The immense expanse of mountain between Mount Meeker, Longs Peak, and Mount Lady Washington provide a complex array of climbing routes. This huge cirque, split by the Ship's Prow, include some of the most awe-inspiring, extreme mountaineering and technical rock climbing opportunities in the country, including the world-famous Diamond 1,900 foot vertical rock face. This area is so overwhelming, intimidating, and complex it has taken me several trips, along with help from friends, topos, and guidebooks, to finally be able to identify Dream Weaver, the Loft, Lamb's Slide, the Notch Couloir, Keiner's, and the Cables Route. After a few climbs of mountaineering routes on Longs and Meeker's (and many more anticipated through the years), this scouting trip was to hike from the TH to Chasm Meadow, up and around Chasm Lake, check out conditions on Lamb's Slide and Keiner's Route, scramble below the Lower East Face and across Mills Glacier, traverse the ramp under Chasm View, attempt to climb Camel Gully, and connect with the hiking trail in the Boulder Field for the six-mile hike back to the TH.
Hoping the two week-long Indian summer weather would last at least one more day, I left the Longs Peak TH Saturday morning at 7:40 AM and arrived at Chasm Meadows a little over two hours later. Several parties had left the TH between midnight and 4 AM for the Keyhole route. I was surprised so many people were still attempting the Keyhole route since the Ranger Station conditions report indicated that only a couple of weeks ago the snow was knee deep on the standard route across the West side of Longs and still held patches of snow and ice. Looking across at the Loft, the slopes were nearly entirely melted out with only a few patches of snow. Drools of ice were beginning to form on the upper ledges. The climbing trail to Chasm Lake is immediately to the left of the Park Service Patrol Hut. I missed the trail which is rumored to be about 50 feet above the Lake and lost time scrambling and boulder hopping around the Lake and up to the bottom of Lamb's Slide. The entire basin below the Diamond was nearly bone dry - the bottom of Lamb's Slide, below the Lower East Face, and Mills Glacier - looked as barren as the Boulder Field. The entire basin was melted out - quite a surprise when most of the guidebook descriptions indicate that Lamb's Slide and Mills Glacier is a permanent snowfield. Maybe it melts out this late every year - maybe it was an unusually dry Winter? A few thin patches of snow remained in the shadows on the broken rock on the Lower East Face on the left side below the Diamond.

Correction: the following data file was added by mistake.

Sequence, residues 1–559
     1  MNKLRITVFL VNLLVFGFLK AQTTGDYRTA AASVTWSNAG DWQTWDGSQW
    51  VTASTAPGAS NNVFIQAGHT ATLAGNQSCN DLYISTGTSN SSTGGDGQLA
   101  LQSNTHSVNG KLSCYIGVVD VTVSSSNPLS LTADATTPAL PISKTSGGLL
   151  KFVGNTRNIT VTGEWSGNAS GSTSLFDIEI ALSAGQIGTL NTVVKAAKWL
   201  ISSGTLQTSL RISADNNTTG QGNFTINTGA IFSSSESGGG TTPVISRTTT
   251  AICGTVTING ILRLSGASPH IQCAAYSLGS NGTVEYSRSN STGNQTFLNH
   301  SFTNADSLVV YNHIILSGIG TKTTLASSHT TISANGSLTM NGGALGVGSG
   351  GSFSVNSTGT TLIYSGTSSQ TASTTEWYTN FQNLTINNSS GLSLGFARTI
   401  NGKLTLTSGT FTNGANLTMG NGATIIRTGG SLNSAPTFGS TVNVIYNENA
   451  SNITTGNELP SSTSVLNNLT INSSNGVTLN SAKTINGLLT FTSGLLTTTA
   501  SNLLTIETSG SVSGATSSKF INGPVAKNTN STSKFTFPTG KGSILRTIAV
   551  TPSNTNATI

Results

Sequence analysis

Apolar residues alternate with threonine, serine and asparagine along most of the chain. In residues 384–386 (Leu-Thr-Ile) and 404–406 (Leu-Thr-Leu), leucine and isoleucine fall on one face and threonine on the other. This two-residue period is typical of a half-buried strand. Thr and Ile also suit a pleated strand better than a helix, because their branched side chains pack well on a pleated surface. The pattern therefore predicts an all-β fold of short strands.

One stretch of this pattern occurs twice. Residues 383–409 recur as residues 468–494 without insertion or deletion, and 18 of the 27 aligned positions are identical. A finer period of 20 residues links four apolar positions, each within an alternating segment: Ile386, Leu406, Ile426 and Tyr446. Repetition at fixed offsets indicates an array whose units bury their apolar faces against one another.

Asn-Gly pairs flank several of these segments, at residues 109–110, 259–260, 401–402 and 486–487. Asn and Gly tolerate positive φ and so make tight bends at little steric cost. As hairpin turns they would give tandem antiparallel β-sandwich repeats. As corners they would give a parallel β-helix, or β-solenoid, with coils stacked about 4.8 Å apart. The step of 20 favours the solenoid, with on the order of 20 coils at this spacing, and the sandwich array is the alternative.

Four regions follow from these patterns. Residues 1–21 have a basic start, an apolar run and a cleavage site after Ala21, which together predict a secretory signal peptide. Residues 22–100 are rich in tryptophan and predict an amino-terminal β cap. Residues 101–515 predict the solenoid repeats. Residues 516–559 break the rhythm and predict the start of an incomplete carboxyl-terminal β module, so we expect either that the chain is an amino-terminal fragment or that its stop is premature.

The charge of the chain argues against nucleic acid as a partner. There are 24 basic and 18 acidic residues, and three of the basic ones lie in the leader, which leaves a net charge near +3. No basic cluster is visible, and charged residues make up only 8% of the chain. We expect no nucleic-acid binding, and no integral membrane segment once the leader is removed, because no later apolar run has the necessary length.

Two parties of climbers had ascended Lamb's Slide ahead of me and the steps they kicked in the snow provided fairly solid footing but crampons felt much more secure. Lambs Slide was a very ugly ribbon of snow, rock, and "black ice" (per the Ranger's report). It too appeared to have entirely melted out before the last snowfall covered some of the dirt/rock. The left side of the couloir was 20-40 of "new" snow, completely unconsolidated and about 10-12 inches deep. An ice axe easily penetrated to the dirt/rock below. The snow was so loose that pickets or ice screws and an ice axe self-belay or simul-climbing were useless. The pick easily cut through the snow and self-arrest would be impossible. The right 20-30 foot wide band of black ice was less than an inch-thick layer of semi-frozen ice mixed with dirt. Although it was firm enough for crampons, it was too soft and shallow to hold my ice axe pick. After about a 100 foot climb up Lamb's Slide, I traversed down the shallow snow across Mills Unglacier until reaching dry rock and packing up the crampons. (I didn't see any even semi-flat spots anywhere in the Chasm View cirque. The only approved bivy sites, which require a permit, are Chasm View (6 climbers) and Mills Glacier (20 climbers). Anyone know where the overnight bivys are allowed - the only clue from the Park Service info is that you must sleep on rock or snow - which is everywhere in the cirque!)